Perhaps you’ve heard of her, or perhaps you haven’t. Undoubtedly, you’ve heard of people like Mimi Kirk. Those who look and act years younger than their biological age dictates they should. People who radiate an inner beauty and vitality that inspire those around them. Mimi Kirk is one such person.
Although I’ve never met Ms. Kirk in person, I became a fan when I saw her interviewed last year. She’s become quite a celebrity in her own right, even more so now at the ripe, young age of 72.
Having just added raw green smoothies to my diet, I was thrilled to see her advocate for these treats. Of course, Mimi doesn’t stop at green smoothies. She’s quick to point out that raw foods can include anything from lasagna to cheesecake as well. Raw versions, however, are far more nutritious than their baked counterparts.
Fortunately for us, Mimi Kirk is publishing her first book! Titled, Live Raw, the book is scheduled for release in May or early June. I know I’ll be in line for its release, but until then, Mimi was kind enough to take a few minutes to answer some questions…
You’ve been vegetarian since you were 30, but started a raw vegan diet in 2008. What inspired you to make that move?
I gained weight, showing off my cooking skills for my boyfriend. My blood pressure was up along with my cholesterol, and I started feeling arthritic pain in my joints. I knew I could do better with my eating so I started searching for something.
Within 2 weeks of eating a raw, vegan plant-based diet, I could tell this was the answer. I was right. I lost the extra pounds, never felt arthritic pain again, brought my cholesterol down 26 points and I’m keeping my blood pressure regulated. I gained tremendous energy and even felt it took years off the way I looked.
What is your favorite part of living a raw lifestyle?
Everything! Really, I love the art of preparing raw food; I love the raw food friends I’ve met; I love knowing I’m giving myself fresh, organic plant-based food eaten as close to nature as possible. Eating this way…just feels right in every way.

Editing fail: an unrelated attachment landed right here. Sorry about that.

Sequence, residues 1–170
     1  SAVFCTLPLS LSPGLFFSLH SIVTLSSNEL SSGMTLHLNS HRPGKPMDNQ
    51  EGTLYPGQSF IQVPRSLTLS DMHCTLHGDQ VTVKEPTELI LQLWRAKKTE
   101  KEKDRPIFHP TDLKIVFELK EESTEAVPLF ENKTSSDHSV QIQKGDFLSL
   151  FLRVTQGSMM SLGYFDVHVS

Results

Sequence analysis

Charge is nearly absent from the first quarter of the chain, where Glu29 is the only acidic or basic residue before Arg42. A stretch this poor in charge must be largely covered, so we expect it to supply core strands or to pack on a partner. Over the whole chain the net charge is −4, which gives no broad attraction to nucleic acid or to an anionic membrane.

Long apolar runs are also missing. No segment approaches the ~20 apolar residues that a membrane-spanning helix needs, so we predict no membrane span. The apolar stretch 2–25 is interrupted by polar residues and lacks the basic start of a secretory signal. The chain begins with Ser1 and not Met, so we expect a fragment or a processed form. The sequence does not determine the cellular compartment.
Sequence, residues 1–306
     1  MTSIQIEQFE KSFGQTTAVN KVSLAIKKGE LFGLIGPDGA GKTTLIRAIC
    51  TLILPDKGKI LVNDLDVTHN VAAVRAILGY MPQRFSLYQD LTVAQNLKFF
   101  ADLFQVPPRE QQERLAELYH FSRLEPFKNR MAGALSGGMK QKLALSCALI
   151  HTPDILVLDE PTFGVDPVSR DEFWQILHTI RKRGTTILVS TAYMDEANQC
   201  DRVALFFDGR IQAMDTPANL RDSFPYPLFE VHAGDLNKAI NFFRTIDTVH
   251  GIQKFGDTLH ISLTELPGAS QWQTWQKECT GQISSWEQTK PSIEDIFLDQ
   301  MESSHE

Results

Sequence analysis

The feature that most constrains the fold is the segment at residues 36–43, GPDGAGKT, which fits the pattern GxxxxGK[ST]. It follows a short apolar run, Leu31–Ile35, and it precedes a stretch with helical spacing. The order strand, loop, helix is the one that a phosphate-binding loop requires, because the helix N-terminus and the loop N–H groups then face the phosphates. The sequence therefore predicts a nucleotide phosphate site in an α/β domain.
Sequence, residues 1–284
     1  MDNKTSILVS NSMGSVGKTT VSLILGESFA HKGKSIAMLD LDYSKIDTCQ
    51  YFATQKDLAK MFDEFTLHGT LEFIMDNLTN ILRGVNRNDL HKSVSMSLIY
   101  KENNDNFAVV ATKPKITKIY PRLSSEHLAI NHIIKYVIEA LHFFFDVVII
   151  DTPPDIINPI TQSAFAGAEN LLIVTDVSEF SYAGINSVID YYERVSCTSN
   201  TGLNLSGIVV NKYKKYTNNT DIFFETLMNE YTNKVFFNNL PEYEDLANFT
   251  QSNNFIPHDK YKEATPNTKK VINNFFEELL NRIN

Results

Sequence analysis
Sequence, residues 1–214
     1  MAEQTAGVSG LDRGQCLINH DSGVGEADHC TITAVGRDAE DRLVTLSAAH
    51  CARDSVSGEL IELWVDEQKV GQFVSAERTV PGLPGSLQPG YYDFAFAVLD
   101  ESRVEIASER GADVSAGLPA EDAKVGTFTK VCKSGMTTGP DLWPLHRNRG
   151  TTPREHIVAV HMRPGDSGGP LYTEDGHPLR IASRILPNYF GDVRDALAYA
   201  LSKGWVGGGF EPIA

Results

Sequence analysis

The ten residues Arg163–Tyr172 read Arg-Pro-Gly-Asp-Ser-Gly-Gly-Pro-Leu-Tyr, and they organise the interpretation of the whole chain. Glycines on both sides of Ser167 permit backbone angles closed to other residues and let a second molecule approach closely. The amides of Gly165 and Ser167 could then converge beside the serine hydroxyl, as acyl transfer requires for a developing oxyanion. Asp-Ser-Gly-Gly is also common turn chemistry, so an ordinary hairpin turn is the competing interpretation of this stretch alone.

Although you’ve received much attention for your amazing looks, you advocate that true beauty comes from inside. Can you elaborate on that?
We all age so if you’re interested in your looks, start early by eating raw vegan food. There’s nothing wrong with trying to look good, but what use is it if you don’t feel healthy? Beauty is energy of sorts. I think true beauty has nothing to do with the lines on one’s face; it has to do with being a compassionate person towards animals and humans alike. It is being non-judgmental, caring for the planet, and being a loving person. Being happy with oneself radiates on the outside. One can be beautiful at any age, especially if she has a smile on her face.
Do you have any particular products you like to use to maintain your youthful glow?
I use coconut oil on my skin, which makes my skin so soft. I also use shea butter soap.
Not everyone will feel that a raw lifestyle is for them. How do you recommend people incorporate raw foods into their diets and what are the benefits of doing so?
Eating raw food is a personal choice, for sure. I do believe everyone should incorporate more raw food into their diets, and it’s not difficult at all. Starting with a daily green drink or smoothie is the first step. Apples, cucumber, celery, kale, spinach, lemon and ginger can really help one’s health and digestion. A large salad for lunch. Then, if you must have cooked foods, eat lightly steamed veggies and quinoa. Stay away from animal products, including cheese.
The reason for eating raw food is this: once food is cooked or processed, even though some vitamins and minerals still exist, enzymes are destroyed when food is heated over 115 degrees. Enzymes are vital for digestion. Cooked and processed foods are enzyme-deficient. If food sits in your stomach/colon, it has time to ferment. This is how a host of diseases start. Enzymes help the blood do their job without stress. As we age, our bodies become less efficient at digestion so we must eat enzyme-rich fruits and vegetables.
In addition to diet, how do you live a healthy lifestyle?